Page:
It is troubling to see one of the best sector mutual funds, Fidelity Select Leisure Portfolio (FDLSX) have just $411 million in assets despite its Very Attractive or 5-star rating. On the other hand, Neutral-rated Vanguard Consumer Discretionary Index Fund (VCDAX) has $1,227 million in assets. VCDAX has lower total annual costs than FDLSX (0.17% and 1.05% respectively), but low costs cannot drive positive performance. Quality holdings are the ultimate driver of performance.
I cannot help but wonder if investors would leave VCDAX if they knew that it has such a poor portfolio of stocks. It is cheaper than FDLSX, but, as previously stated, low fees cannot growth wealth; only good stocks can.
Sometimes, You DON’T Get What You Pay For
Nationwide Ziegler NYSE Arca Tech 100 Index Fund (NWJEX) is one of the smallest mutual funds in Figure 1 with just $296 million in assets. Sadly, other Information Technology mutual funds with more assets and inferior portfolios charge more than NWJEX. In other words, Information Technology mutual fund investors are paying extra fees for no reason.
Fidelity Advisor Energy Fund (FANAX) is one of the worst mutual funds in the Energy sector. It gets my Very Dangerous rating based off the fact that less than 12% of its assets are allocated to Attractive-or-better rated stocks, while 52% of assets are allocated to Dangerous-or-worse stocks. FANAX also has total annual costs of 3.66%. One would think that FANAX would have fewer assets, but instead it has over $874 million. Investors are paying extra fees for poor holdings.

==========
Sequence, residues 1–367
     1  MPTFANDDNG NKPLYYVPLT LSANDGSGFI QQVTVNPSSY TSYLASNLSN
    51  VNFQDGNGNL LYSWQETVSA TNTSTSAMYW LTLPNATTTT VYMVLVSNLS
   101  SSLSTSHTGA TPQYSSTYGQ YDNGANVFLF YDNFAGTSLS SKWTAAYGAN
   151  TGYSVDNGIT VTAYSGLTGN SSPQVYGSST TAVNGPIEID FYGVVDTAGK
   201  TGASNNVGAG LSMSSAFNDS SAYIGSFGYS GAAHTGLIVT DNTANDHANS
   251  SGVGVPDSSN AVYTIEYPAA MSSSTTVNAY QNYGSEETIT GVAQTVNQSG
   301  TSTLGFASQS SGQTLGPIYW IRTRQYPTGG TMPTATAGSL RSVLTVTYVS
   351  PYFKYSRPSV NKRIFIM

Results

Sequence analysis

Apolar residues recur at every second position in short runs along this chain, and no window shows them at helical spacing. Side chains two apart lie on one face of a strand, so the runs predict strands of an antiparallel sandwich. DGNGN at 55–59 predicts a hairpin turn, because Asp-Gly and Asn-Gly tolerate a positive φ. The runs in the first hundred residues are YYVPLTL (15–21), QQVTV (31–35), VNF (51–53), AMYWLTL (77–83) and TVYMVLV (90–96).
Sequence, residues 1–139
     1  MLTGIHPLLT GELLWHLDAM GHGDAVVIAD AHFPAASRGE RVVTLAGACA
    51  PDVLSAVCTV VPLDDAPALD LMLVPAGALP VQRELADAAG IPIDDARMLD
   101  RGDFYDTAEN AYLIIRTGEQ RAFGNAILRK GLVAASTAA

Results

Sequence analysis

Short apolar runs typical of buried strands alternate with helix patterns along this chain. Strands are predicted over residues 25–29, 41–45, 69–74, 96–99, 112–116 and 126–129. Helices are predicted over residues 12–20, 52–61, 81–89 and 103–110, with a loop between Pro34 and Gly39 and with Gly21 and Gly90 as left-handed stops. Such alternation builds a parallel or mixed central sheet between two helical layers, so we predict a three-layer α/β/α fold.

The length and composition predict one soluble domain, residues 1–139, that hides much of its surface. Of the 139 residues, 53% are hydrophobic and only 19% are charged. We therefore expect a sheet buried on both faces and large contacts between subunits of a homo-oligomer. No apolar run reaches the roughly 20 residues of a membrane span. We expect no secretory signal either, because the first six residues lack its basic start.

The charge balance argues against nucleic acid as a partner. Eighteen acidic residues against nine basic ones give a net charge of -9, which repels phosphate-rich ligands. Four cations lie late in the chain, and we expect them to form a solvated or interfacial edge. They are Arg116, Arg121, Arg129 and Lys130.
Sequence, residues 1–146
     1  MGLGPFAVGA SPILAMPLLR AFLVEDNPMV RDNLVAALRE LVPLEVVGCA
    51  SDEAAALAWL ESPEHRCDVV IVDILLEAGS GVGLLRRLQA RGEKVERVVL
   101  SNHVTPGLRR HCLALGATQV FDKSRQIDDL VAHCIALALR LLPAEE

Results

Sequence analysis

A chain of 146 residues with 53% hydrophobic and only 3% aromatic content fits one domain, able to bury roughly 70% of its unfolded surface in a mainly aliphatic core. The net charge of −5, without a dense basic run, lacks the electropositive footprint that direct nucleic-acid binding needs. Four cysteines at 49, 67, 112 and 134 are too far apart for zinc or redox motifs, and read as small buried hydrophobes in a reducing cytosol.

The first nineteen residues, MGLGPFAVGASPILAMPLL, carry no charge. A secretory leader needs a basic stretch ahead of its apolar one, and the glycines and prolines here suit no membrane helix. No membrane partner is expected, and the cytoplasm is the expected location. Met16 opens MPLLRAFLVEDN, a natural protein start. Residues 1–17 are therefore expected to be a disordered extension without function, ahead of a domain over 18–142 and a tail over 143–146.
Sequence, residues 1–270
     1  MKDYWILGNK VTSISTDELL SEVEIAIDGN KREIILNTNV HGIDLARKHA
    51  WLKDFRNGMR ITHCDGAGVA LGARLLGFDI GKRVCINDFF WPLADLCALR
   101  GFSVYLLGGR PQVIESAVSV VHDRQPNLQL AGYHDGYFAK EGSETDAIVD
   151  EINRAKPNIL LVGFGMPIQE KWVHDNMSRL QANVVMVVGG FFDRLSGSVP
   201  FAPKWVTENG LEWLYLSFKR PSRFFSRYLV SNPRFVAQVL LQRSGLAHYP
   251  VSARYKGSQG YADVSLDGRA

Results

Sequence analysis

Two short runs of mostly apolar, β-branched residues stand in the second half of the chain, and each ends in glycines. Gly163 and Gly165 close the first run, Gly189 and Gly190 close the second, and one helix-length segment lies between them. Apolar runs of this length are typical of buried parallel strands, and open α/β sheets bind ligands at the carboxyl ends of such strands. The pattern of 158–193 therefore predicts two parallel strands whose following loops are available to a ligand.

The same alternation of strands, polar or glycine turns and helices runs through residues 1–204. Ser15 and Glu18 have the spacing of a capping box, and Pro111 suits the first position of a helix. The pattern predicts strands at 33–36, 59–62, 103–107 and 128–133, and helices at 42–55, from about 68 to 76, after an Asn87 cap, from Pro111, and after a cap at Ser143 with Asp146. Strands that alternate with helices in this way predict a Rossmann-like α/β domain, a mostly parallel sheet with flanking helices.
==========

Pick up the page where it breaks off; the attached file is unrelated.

The worst mutual fund in Figure 1 is Fidelity Telecom & Utilities Fund (FIUIX), which gets a Neutral (3-Star) rating. One would think mutual fund providers could do better for this sector.
I recommend investors only buy mutual funds with more than $100 million in assets. You can find more liquid alternatives for the other funds on my mutual fund screener.
Covering All The Bases, Including Costs
My mutual fund rating also takes into account the total annual costs, which represents the all-in cost of being in the mutual fund. This analysis is complex for mutual funds, as one has to consider not only expense ratios, but also front-end load and transaction fees. A high front-end load not only costs investors at the beginning, it also reduces the growth investors can experience later on. While costs play a smaller role than holdings, my ratings penalize those mutual funds with abnormally high costs.
Top Stocks Make Up Top Mutual Funds
Discover Financial Services (DFS) is one of my favorite stocks held by FSVLX. It earns my Attractive rating and is on the Most Attractive Stocks List for August. DFS has grown its after tax profit (NOPAT) by an impressive 45% compounded annually over the last four years. The company has also increased its return on invested capital (ROIC) from 2% in 2010 to 19% in 2013, which places it in the top quintile of all companies I cover. Despite DFS’s rapid NOPAT growth, it remains undervalued. At its current price of ~$60/share, DFS has a price to economic book value (PEBV) ratio of 1.2. This ratio implies that the market expects DFS to grow its NOPAT by no more than 20% over the remaining life of the company. This expectation seems awfully negative given the past four years of strong NOPAT growth achieved by DFS. Investors should look to DFS for an undervalued stock with excellent upside potential.
Kyle Guske II contributed to this post.
Disclosure: David Trainer and Kyle Guske II receive no compensation to write about any specific stock, sector, or theme.